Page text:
The Pacers Get Revenge, The Wizards Get Yet Another Road Loss
On Wednesday night, the Wizards were able to defeat the Pacers 104-90 despite shooting 39.8-percent from the field, mainly because they forced the Pacers into 17 turnovers while only committing eight of their own. On Friday, on Indiana’s end of the home-and-home matchup, the Wizards basically shot the same percentage (38.8-percent), and the Pacers again turned the ball over at a high rate (23 times to be exact). The difference, and the reason the Wizards lost 96-85, is that the Pacers shot much better (48.7-percent from the field) and the Wizards turned the ball a lot more (22 times).
John Wall led the Wizards with 25 points; 17 of them came in the third quarter when the Wizards unsuccessfully attempted to cut into Indiana’s lead. Unfortunately, Wall also led the team with seven turnovers. Andray Blatche and Nick Young, who were so instrumental in the Wizards’ victory over the Pacers in Washington, were non-factors, and they seemed totally out of sync. Blatche was scoreless in the first half, but did manage to finish with eight points (4-16 from the field), 12 rebounds and six turnovers. Young shot just 2-11 from the field and finished with eight points as well.
More observations from the game
- Darren Collison did not factor in the outcome of Wednesday’s game, but on Friday he had 18 points and six assists, and seemed to get into the lane at will. The combination of Wall still trying to get his wind back and Kirk Hinrich being out with a thigh bruise had to factor into Collison’s improved numbers. I can’t help but to think back to Flip Saunders comments after the Wizards took on the Rockets earlier this week:
“It’s not a coincidence that whoever we put Kirk on, that guys has trouble scoring. Martin gets 10 early, we switch Kirk on to him and he has problems getting shots off. All of our players have to learn to have that same readiness and intensity as he does.”
- Speaking of intensity and toughness, the Wizards were severely lacking in that department. You’d think they would have come into the game with chips on their collective shoulders after Josh McRoberts put John Wall on the floor Wednesday, but that was not the case. Roy Hibbert, Solomon Jones and McRoberts all laid hard fouls on the Wizards, and there was no real retalitation. JaVale McGee did foul Hibbert with force toward the end of the game, but Hibbert dunked on him later that quarter, so message nullified. I’m not saying the Wizards should morph into the 1989-90 Detroit Pistons, but a little toughness would not hurt. Kevin Seraphin and Trevor Booker would have been perfect for that, but the team’s tough future sat with DNP-CDs.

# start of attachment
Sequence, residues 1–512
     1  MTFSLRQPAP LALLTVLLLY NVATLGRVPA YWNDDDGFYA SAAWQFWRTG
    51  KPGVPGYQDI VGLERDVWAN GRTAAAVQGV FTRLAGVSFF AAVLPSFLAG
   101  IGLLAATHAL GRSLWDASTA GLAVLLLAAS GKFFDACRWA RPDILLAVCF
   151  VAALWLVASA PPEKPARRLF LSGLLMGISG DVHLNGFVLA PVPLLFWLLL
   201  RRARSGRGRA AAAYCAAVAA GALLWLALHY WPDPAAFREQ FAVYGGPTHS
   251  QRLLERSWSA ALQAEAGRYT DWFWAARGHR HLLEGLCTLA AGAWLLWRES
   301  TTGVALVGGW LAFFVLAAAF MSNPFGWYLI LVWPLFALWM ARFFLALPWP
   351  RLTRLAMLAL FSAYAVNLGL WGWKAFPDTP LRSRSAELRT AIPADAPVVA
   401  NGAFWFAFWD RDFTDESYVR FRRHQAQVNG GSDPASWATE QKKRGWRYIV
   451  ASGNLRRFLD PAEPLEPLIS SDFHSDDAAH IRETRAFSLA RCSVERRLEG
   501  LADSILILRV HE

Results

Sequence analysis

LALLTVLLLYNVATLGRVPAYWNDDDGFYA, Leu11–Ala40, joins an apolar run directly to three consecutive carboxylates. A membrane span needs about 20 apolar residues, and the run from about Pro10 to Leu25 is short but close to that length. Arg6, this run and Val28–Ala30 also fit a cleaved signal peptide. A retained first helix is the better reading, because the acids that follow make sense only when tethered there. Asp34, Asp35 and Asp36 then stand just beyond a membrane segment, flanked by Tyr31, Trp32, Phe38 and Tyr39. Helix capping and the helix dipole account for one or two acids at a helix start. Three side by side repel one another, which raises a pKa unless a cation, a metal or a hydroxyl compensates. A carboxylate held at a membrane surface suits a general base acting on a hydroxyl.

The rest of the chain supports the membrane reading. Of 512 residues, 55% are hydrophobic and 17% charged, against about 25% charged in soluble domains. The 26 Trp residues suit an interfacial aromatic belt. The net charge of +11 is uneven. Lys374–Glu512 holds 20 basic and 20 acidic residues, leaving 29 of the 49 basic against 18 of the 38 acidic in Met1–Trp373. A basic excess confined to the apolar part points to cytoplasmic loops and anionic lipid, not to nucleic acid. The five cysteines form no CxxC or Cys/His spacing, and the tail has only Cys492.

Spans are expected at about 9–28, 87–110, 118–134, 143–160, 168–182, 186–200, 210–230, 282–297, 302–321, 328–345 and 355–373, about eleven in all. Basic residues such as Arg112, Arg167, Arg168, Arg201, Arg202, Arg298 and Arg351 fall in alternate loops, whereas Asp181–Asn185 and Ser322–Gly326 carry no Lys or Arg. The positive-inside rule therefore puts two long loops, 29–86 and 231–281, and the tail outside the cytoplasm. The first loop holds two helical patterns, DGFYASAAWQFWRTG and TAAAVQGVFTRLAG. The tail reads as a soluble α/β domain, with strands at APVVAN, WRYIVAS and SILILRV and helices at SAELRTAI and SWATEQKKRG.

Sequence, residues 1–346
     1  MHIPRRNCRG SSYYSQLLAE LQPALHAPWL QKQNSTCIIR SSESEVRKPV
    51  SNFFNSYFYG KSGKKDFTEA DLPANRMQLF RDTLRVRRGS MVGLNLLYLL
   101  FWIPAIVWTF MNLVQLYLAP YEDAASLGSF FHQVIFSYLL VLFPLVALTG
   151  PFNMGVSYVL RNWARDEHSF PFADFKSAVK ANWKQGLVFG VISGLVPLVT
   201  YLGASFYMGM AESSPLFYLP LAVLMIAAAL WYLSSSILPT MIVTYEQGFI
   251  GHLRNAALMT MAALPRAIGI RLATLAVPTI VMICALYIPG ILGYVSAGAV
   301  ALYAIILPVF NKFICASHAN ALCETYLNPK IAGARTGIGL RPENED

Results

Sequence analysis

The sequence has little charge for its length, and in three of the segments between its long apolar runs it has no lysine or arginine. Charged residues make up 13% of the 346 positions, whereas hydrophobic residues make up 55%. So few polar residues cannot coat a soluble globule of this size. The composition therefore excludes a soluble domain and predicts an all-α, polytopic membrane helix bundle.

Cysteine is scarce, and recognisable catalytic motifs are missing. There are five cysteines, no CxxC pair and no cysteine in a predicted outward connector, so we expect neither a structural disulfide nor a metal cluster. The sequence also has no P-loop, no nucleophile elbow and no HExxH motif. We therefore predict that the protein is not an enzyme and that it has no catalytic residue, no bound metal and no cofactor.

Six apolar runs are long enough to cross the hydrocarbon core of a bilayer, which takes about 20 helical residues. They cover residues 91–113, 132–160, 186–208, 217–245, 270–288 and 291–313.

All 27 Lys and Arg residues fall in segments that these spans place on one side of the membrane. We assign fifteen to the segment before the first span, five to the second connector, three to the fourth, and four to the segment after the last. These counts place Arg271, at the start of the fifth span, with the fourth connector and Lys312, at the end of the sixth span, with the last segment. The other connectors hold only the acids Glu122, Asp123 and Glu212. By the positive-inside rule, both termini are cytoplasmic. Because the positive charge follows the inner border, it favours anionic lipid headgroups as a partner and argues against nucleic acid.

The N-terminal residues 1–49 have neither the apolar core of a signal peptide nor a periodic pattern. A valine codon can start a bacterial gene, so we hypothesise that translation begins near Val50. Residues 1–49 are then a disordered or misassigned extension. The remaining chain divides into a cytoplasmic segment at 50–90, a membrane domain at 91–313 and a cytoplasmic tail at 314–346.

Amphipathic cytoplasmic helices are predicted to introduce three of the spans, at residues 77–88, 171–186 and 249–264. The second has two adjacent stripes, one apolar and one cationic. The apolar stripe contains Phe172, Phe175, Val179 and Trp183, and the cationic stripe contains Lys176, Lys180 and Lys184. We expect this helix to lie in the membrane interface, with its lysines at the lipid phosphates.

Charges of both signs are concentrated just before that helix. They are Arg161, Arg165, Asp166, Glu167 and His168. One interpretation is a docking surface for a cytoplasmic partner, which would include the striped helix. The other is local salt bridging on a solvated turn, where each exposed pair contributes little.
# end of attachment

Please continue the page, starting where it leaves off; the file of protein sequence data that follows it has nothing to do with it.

- The second quarter is where the Wizards lost the game. They scored 12 points to the Pacers’ 24, and only five of those points (a three-pointer from Young, and a short jumper from Rashard Lewis) came from the field. The offense lacked continuity, putting everyone into one-on-one mode, which only made things worse. They didn’t fare much better from a defensive standpoint either, as T.J. Ford and Danny Granger got into the lane as they pleased during the second. By the time the quarter ended, the Wizards went from being down three points to 15.
- John Wall had an amazing 17-point third quarter, and he alone kept the Wizards within relative striking distance. He scored from three-point range, he scored on mid-range jumpers. He made layups and he made free throws. None of his teammates had the hot hand during the game, so his assists (four in 39 minutes) were lower than usual. Still, if you’re a Wall fan, you’re encouraged by his progress. He’s going to need every bit of the “A” game on Saturday night when Chris Paul and the Hornets come to town — especially if Hinrich’s bruised thigh keeps him out.
- Al Thornton has fallen out of Flip Saunders’ rotation, and I’m exactly not sure why. He was a DNP-CD during the first Pacers game on Wednesday, and tonight he only saw playing time because Josh Howard went out with a sore left knee. Cartier Martin has been the beneficiary of Thornton’s demotion, although he did not play nearly as well on Friday (four points on 1-7 shooting) as he did on Wednesday (11 points on 4-6 shooting). When Thornton did finally get in the game, he scored 10 points and he did not miss a shot from the field (4-4) in 16 minutes. Perhaps this was enough to get him back in Saunders good graces.
- When Hinrich got hurt on Wednesday and Wall needed a rest, the Wizards had both Howard and Martin bring the ball up the court, but mostly Howard. Tonight, they shared dutes, as did Lester Hudson briefly, but the offense lacked fluidity without Wall on the court. It seems like Saunders does not have much faith in Hudson, despite the fact that he was brought back to the team after the Gilbert Arenas trade. It is worth mentioning again, Chris Paul is coming tomorrow night. If Hinrich is out, and Wall has to rest while Paul is on the floor, there will be blood.
- Just two days after saying his game was so bad he didn’t belong in the D-league, Hibbert rebounded with 17 points, eight rebounds and monster dunk over McGee. In comparison, Wizards centers Hilton Armstrong and McGee combined for seven points, six rebounds, six fouls and zero blocks in 35 minutes.
- Phil Chenier and Steve Buckhantz pointed out that the Conseco Fieldhouse was full of John Wall jerseys — both from Kentucky and the Wizards. Apparently Kentucky is not far from Indiana (as in, they border), and the Wildcats fans were in the house to show their support. Lucky for them, Wall delivered with a great performance. Still, if I’m Pacers GM Larry Bird, and I’m seeing a sea of jerseys without the “Pacers” on the front when the lowly Washington Wizards are in town, I’m feeling a bit squeamish.
Enter Small Ball
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